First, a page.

|Title:||The challenge of obtaining ground truth for GPS processing|
|Abstract:||The increasing use of GPS as a substitute or complement to conventional travel surveys has brought with it an increasing need for a reliable source of ground truth, i.e., information on the actual travel in which each respondent engaged, including the mode and purpose of such travel. Over the past decade or so, the main source that has been used for providing ground truth is the prompted recall survey. As the survey task has become less of a challenge, it has become evident that the prompted recall survey is subject to many of the same shortcomings as most selfadministered surveys, with reporting error, misunderstanding of what constitutes a trip, etc. In this paper, we review some of the common problems encountered in prompted recall surveys, especially those undertaken at some period of time after the GPS survey was undertaken, and using self-report methods. Following this, the paper describes a recent experiment in using life-logging cameras to record a person’s travel, together with GPS, thereby providing a new source of ground truth data that is not subject to processing issues of the GPS data, nor to self-report or other issues with prompted recall data.|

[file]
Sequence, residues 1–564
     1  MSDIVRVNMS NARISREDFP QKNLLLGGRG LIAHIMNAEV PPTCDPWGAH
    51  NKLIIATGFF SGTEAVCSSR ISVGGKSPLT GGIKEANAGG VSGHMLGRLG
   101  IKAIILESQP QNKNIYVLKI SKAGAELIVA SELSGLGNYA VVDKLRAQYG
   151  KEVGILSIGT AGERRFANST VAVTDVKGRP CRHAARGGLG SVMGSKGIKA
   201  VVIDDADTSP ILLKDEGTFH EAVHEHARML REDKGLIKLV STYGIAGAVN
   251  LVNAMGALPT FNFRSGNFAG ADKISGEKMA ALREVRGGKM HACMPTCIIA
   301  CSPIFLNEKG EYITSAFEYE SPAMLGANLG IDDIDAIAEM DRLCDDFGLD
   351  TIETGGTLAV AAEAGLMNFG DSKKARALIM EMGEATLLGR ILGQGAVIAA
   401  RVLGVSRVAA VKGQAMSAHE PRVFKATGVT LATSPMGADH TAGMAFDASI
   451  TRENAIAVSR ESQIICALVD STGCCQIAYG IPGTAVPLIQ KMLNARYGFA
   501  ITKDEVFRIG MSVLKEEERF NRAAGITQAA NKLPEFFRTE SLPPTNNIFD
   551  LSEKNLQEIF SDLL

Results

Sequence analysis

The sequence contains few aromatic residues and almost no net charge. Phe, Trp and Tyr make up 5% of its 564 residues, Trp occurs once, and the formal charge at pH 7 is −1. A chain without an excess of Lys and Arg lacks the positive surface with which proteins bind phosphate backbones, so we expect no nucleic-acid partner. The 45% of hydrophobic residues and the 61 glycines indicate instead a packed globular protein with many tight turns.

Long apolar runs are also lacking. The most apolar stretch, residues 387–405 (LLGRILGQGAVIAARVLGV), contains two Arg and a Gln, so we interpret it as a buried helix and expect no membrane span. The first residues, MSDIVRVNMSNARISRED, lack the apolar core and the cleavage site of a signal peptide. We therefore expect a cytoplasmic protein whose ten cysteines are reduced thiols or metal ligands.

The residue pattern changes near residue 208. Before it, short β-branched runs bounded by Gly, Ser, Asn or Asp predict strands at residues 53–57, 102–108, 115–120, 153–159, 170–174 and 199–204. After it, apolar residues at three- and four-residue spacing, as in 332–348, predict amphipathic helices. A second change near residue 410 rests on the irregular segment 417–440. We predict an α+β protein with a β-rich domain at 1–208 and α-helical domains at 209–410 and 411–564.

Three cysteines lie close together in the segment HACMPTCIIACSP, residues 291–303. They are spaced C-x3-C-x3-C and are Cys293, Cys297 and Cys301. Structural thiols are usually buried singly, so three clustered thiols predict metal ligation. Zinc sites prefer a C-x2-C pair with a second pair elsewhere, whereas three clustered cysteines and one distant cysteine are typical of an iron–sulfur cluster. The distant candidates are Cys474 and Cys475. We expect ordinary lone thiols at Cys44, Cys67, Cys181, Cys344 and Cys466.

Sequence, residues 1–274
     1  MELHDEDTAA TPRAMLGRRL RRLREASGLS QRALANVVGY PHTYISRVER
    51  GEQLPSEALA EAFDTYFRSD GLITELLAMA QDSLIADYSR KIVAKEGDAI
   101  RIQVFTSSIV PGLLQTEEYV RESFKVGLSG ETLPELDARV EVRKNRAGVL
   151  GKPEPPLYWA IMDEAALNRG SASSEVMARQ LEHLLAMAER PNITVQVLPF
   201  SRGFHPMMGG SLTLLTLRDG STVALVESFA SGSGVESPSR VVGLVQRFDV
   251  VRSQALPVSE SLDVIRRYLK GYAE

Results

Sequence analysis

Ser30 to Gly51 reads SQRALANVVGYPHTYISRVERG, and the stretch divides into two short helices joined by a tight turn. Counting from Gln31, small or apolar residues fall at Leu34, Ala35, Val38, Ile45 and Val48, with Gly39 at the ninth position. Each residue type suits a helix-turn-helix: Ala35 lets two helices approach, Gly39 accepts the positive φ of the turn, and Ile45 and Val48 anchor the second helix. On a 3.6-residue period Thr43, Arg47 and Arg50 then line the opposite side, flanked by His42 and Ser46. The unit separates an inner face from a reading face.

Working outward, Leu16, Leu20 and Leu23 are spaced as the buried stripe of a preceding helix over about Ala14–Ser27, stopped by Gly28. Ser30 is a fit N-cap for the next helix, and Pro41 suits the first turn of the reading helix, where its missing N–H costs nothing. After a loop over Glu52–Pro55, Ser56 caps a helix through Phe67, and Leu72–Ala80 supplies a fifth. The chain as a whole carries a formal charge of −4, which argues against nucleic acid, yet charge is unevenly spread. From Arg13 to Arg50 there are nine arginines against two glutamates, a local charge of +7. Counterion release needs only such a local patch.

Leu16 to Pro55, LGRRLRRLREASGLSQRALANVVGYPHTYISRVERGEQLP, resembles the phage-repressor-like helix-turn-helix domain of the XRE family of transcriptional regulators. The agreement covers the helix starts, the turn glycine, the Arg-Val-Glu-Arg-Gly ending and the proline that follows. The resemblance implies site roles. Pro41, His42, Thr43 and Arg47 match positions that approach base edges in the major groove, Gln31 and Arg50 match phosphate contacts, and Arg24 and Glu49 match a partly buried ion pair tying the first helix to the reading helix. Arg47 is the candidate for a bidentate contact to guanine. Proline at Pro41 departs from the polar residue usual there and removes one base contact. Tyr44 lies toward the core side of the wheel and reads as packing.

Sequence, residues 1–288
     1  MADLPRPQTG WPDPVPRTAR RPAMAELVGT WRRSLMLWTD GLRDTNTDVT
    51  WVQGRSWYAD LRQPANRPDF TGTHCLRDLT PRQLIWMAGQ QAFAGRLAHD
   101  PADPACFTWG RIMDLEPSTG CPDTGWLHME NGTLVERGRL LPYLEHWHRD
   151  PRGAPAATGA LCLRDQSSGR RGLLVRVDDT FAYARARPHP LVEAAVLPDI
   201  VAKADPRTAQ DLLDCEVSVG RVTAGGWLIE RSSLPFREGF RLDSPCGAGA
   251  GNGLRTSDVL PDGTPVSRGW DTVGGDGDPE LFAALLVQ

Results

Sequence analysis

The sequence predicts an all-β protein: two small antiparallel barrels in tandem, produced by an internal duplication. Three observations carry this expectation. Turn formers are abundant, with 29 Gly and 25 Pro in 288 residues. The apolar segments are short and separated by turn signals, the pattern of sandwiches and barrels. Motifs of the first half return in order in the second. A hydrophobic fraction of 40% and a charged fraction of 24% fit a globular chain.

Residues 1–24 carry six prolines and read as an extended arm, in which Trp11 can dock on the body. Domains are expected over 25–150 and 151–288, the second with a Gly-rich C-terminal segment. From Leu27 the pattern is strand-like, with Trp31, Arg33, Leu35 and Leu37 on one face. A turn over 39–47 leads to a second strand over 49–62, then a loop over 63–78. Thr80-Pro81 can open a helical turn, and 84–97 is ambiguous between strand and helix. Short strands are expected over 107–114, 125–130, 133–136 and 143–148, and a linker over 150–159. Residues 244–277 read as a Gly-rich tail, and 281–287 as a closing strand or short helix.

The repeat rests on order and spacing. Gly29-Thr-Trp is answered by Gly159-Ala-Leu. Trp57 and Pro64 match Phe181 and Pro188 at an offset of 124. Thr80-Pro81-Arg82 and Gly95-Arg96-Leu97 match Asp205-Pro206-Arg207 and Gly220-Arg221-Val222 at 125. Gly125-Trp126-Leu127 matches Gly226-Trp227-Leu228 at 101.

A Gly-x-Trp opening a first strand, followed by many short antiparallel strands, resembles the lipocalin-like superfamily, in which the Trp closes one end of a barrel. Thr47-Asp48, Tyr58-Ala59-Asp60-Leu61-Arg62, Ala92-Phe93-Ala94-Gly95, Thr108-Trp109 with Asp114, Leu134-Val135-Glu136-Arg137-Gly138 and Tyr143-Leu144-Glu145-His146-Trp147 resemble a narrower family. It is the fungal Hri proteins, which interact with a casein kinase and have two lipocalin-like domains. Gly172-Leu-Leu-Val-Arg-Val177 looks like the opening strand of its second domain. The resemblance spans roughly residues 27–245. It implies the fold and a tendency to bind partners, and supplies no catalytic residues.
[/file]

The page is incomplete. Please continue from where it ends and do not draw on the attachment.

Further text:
|Type of Work:||Working Paper|
|Appears in Collections:||ITLS Working Papers 2015|
|ITLS-WP-15-06.pdf||371.09 kB||Adobe PDF|
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